Leisure centre manager

sports centre manager centre director
Sport and leisure
Support

Career outlook for

Figures and forecasts for roles at the same level, which require similar skills and qualifications.

Average UK salary

Currently employed in Scotland

Jobs forecast

This information is supplied by LMI For All, where data is currently available for Scotland.

What's it like?

You would organise the services and staff at a leisure centre so people can take part in sports and exercise.

You’d be responsible for the day-to-day running of the centre and its facilities, such as:

  • Swimming pools
  • Sports halls
  • Gyms
  • Outdoor facilities such as dry ski-runs
  • Facilities for the arts

You’d be responsible for making sure that the centre visitors have an enjoyable time. You’d need to ensure that all the equipment works properly and that staff follow health and safety procedures.

You would:

  • Arrange timetables for activities
  • Organise ticket sales, booking and catering
  • Organise and promote events
  • Recruit and manage staff
  • Control budgets
  • Take responsibility for health and safety
  • Oversee marketing and promotional activities

You’d work with sports organisations to promote special events and schemes. You’d also promote the centre to external organisations, such as local authorities.

It would be important to be interested in physical fitness and sport.

Working conditions

Hours

You would usually work 37 hours a week, which could include early mornings, evenings, weekends and bank holidays. You will need to be flexible, as you may need to be at the centre for special events, emergencies, or to cover for absent staff, especially in centres with a small management team.

Environment

You would be office-based, but would also spend time around the centre, talking to staff and customers, and keeping in touch with the way the centre is running.

UK employment status

Full-time

Part-time

Self employed

Here are some of the skills that people in this job would be most likely to have:

  • Communicating with people
  • Working as part of a team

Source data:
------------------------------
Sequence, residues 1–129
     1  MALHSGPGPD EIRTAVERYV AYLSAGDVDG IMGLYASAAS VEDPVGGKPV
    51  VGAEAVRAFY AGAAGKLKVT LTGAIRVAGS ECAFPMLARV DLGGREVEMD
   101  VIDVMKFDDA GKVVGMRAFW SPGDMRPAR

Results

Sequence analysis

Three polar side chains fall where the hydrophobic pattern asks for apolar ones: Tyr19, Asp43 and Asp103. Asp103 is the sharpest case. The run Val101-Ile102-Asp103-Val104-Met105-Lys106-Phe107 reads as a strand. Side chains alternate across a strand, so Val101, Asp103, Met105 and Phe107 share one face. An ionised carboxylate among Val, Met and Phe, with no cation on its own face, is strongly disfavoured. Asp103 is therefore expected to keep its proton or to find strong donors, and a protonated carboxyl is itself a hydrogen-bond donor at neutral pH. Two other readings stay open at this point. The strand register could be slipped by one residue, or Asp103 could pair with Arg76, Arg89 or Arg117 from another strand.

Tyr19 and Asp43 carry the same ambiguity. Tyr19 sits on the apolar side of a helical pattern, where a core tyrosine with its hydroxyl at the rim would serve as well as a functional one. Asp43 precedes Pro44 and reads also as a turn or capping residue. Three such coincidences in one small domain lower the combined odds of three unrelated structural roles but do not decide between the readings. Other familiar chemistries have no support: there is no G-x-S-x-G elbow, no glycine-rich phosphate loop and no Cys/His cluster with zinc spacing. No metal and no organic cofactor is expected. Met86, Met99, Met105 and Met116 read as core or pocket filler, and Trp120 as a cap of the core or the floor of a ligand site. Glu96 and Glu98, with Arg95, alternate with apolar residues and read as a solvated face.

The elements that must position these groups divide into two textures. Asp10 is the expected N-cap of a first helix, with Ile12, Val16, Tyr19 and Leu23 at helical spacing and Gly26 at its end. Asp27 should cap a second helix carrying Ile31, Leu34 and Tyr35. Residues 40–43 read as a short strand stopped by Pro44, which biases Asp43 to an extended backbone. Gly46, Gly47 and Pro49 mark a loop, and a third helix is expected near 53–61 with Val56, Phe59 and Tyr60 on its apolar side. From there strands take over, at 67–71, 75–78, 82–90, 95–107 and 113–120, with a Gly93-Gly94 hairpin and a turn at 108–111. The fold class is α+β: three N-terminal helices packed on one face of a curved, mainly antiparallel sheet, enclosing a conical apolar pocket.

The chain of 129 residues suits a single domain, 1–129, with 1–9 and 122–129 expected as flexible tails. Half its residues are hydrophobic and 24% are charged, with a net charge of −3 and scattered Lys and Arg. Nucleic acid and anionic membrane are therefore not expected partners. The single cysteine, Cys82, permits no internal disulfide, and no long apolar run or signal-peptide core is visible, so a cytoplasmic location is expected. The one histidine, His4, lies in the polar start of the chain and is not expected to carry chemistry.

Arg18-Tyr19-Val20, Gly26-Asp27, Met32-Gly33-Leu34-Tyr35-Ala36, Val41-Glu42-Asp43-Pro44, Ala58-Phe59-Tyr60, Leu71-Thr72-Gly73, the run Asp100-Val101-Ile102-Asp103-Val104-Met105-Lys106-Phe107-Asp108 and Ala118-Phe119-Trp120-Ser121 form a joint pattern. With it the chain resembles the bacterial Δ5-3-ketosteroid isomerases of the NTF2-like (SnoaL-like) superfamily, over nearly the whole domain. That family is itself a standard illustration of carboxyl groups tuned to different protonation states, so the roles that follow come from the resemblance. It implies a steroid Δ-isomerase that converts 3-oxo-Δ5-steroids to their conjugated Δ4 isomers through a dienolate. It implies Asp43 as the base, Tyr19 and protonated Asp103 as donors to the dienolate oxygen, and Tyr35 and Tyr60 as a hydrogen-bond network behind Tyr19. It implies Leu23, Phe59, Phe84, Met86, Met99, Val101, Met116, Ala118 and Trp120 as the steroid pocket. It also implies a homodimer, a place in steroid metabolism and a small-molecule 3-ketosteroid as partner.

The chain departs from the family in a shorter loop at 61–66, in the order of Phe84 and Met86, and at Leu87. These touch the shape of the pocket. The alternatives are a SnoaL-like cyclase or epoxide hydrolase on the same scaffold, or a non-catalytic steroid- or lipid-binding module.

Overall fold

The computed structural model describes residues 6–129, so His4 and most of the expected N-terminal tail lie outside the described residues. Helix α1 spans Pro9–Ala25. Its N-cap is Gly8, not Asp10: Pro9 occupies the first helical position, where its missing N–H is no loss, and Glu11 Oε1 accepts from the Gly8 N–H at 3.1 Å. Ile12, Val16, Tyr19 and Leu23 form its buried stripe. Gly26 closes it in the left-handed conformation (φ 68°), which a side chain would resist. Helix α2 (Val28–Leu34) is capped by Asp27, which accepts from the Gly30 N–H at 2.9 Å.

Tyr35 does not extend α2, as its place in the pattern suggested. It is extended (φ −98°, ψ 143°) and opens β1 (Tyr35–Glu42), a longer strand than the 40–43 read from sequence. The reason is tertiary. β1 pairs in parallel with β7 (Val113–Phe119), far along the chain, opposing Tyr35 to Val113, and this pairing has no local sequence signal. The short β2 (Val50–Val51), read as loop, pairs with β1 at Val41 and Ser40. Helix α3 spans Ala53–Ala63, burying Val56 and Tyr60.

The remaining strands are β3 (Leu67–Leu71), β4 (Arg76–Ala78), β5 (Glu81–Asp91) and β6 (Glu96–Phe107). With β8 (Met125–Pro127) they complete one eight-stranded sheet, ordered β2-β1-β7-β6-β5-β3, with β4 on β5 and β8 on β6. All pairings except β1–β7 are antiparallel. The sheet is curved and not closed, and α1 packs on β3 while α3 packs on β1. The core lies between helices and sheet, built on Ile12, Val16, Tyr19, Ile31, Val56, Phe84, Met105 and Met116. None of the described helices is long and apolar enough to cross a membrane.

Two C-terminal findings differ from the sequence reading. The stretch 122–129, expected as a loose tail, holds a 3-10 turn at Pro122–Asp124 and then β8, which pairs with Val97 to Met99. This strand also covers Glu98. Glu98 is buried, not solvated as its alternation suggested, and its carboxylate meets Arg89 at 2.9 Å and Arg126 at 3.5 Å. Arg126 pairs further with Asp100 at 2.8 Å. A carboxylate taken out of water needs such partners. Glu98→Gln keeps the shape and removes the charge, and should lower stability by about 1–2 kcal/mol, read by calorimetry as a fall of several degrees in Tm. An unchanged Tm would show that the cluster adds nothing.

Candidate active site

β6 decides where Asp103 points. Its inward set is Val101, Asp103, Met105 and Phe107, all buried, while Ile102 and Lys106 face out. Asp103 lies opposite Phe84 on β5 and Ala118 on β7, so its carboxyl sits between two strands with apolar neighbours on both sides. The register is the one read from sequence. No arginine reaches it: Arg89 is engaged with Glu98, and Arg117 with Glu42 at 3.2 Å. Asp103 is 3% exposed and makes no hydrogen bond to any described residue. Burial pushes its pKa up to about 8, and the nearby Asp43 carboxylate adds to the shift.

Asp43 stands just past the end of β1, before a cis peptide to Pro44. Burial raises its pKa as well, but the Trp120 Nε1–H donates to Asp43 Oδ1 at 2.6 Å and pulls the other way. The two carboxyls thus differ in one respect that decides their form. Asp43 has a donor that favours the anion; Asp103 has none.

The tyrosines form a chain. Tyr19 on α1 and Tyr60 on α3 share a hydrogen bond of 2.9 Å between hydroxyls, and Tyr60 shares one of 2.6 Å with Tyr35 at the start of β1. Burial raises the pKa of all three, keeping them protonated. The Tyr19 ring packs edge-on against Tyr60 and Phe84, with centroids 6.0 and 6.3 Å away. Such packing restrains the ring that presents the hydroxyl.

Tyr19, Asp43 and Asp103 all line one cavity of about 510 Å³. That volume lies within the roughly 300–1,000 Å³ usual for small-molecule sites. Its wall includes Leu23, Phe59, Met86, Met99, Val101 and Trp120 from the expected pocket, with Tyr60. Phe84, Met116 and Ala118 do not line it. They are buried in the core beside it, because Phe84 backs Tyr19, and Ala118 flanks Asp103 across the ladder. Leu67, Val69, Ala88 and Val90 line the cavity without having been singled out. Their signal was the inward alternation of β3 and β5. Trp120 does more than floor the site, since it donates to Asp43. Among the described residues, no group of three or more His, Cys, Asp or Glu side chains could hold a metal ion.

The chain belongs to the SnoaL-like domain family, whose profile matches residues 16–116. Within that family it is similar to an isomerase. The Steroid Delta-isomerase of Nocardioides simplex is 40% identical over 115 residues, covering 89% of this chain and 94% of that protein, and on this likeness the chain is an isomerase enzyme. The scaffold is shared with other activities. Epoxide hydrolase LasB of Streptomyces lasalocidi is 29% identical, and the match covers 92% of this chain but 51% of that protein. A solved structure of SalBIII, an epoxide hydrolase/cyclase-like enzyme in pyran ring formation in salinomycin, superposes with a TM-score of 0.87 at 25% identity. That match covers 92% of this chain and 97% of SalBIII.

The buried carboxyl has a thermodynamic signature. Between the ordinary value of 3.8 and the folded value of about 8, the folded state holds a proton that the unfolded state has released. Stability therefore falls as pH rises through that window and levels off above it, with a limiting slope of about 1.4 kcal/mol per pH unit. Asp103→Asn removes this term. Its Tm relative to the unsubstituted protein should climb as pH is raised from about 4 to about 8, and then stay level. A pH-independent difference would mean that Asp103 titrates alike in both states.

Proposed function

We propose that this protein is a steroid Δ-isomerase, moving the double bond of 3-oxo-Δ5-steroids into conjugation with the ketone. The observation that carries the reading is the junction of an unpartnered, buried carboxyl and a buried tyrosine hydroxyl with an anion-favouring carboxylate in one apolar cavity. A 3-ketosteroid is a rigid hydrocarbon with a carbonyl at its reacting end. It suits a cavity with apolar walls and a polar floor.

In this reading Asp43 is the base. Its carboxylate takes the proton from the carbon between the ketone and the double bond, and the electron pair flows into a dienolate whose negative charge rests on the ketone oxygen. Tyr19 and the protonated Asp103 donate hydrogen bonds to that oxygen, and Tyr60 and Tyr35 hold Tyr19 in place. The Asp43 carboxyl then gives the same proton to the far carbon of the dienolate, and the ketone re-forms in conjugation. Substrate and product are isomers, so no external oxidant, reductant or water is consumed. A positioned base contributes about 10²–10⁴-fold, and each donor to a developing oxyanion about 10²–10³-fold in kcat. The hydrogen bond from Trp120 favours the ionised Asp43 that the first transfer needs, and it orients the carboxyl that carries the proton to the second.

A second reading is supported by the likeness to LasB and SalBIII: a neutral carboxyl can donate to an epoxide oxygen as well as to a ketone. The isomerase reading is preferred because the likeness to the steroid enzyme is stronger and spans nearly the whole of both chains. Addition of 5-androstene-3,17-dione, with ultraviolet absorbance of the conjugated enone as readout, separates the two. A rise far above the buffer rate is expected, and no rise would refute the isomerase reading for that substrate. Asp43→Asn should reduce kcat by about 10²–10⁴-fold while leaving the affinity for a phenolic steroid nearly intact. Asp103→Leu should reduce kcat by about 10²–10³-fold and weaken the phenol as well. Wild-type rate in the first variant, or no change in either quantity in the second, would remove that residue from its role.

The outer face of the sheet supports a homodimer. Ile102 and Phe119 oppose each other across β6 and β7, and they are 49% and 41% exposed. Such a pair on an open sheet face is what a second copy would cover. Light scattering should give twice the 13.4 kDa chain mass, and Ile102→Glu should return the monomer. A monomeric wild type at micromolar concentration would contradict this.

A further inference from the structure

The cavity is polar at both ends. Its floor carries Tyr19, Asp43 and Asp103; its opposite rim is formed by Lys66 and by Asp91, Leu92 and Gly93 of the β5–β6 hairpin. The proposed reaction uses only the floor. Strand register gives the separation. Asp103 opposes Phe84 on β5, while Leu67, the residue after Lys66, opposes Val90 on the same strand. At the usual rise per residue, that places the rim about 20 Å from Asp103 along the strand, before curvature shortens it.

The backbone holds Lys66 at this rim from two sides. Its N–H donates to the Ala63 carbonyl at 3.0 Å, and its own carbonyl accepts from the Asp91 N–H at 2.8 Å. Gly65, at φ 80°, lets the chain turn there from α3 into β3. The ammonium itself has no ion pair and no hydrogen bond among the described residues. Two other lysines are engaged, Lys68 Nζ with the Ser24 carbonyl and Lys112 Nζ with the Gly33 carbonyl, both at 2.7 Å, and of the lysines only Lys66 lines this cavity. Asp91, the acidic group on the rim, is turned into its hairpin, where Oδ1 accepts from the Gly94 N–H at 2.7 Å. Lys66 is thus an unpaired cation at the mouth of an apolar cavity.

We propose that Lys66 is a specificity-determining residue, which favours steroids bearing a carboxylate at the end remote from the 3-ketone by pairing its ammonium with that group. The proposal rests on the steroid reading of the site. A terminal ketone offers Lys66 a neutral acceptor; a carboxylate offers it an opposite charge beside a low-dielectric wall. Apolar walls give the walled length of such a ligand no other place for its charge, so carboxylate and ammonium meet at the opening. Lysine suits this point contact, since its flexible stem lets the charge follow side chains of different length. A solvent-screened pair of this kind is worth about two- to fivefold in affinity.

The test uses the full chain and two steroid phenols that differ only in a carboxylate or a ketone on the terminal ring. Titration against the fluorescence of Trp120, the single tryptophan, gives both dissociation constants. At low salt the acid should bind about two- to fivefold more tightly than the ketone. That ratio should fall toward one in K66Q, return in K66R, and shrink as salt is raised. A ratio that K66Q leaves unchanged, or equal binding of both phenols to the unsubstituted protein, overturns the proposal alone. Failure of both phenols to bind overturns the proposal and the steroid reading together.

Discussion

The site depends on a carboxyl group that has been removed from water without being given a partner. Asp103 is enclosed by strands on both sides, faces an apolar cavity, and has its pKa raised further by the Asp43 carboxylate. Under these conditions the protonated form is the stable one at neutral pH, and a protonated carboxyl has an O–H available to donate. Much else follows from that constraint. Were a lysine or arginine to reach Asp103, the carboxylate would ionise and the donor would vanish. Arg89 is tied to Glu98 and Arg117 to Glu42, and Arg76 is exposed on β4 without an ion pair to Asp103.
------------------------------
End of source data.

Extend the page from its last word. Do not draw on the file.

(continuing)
• Taking the lead
  • Helping customers
  • Presenting to people
  • Communicating ideas through writing
  • Using computers
  • Budgeting
  • Making decisions

Build your skills

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Getting in

Entry requirements for courses can change. Always contact the college, university or training provider to check exactly what you’ll need.

Qualifications

There are no formal qualifications required to enter this role but experience in sports-related work is essential and related qualifications are of value.

General sports, fitness and coaching courses are available at National Certificate and National Qualification level (SCQF level 3-6).

Golf Facility Management is available at Higher National Certificate and Higher National Diploma level (SCQF level 7/8) and require National 4/5 qualifications and one to two Highers at C or above for entry.

Most Sports Management courses are at degree level (SCQF level 9/10) and entry generally requires National 5 qualifications and a minimum of three Highers or a relevant HND.

An alternative route is a degree in a subject like Business Management and a Post Graduate qualification (SCQF level 11) in a sports-related subject. 

Useful subjects

  • English
  • Maths
  • Physical education
  • Health & food technologies
  • Care
  • Administration
  • Business
  • ICT subjects

Helpful to have

Qualifications and experience that show understanding of the industry, helping customers, business and management skills such as Skills for Work Sports and Recreation (SCQF level 4/5) or  Leadership Award (SCQF level 5/6).

Relevant work-based qualifications such as a Scottish Vocational Qualification in Leisure Management (SVQ level 7) or be willing to work towards qualifications once in a job.